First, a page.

Launch of the first Patient Expert Training Course
On 6 October 2014, 53 trainees started the first Patient Expert Training Course of the European Patients’ Academy, EUPATI, which will continue until late 2015. This is one of the project’s key educational programmes specifically designed for patient advocates who want to acquire expert-level knowledge in Research & Development. Two ‘students’ share their first impressions with EPF.
How did you find the course so far, what are your first impressions?
“Kick-off was great. The team showed us the technical side of the platform as the course uses a blended learning approach of online and face-to-face training. I love the materials; they are very understandable and useful for me. Some first questions are asked for the tutors on the participants’ forum and they answer quickly. This is very helpful. I had a first look into the plans and the modules and the content I knew, this will be exciting” – Birgit Bauer from Germany.
“I started reading Module 1 right away. It's about the discovery of medicines and how the planning of medicines development. I have learned about molecules, receptors, about protein, etc. It makes you comprehend the very basics of medicine development. Besides being user-friendly, the online format allows me to study whenever I feel like it. For a lot of patients it is hard to follow regular classes, because unexpected hospital visits are part of our life. This course fits around my schedule, instead of the other way around” - Kate Sparkles from The Netherlands.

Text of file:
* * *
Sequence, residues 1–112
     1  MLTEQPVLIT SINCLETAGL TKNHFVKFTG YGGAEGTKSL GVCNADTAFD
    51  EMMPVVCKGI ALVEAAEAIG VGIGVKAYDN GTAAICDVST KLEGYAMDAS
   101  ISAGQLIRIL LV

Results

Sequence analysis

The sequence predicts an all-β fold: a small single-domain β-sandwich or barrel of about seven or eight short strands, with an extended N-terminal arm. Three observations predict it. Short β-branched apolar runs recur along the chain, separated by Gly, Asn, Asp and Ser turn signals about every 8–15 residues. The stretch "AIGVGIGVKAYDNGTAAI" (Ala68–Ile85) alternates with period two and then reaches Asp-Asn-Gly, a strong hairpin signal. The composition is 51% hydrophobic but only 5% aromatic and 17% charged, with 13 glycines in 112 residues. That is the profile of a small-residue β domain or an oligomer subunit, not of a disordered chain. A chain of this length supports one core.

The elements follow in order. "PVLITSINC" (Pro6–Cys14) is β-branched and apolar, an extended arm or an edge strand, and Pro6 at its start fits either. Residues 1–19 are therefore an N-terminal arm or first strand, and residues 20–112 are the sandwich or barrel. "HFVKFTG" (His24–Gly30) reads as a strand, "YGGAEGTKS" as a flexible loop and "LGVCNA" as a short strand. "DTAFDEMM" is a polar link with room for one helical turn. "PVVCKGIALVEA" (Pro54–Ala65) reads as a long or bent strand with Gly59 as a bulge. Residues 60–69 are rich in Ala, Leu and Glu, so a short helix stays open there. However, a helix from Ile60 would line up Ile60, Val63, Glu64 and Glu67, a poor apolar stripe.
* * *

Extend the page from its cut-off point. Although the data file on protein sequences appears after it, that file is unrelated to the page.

What do you expect from this programme?
“I hope to be a better patients’ advocate and, as journalist in the healthcare area, I want to acquire more know-how to explain my readers content about the medicines development process” – Birgit Bauer from Germany.
“This course will give me the opportunity to understand researchers better about various aspects of their work e.g. their clinical trial. As a communication consultant, it is very exciting to bridge the gap between researchers and patients. To me, sharing information is the ultimate form of patient advocacy. My understanding of scientific articles has already improved, enabling me to write more of those often very complicated articles in lay man’s words. And that’s only the beginning!” - Kate Sparkles from The Netherlands.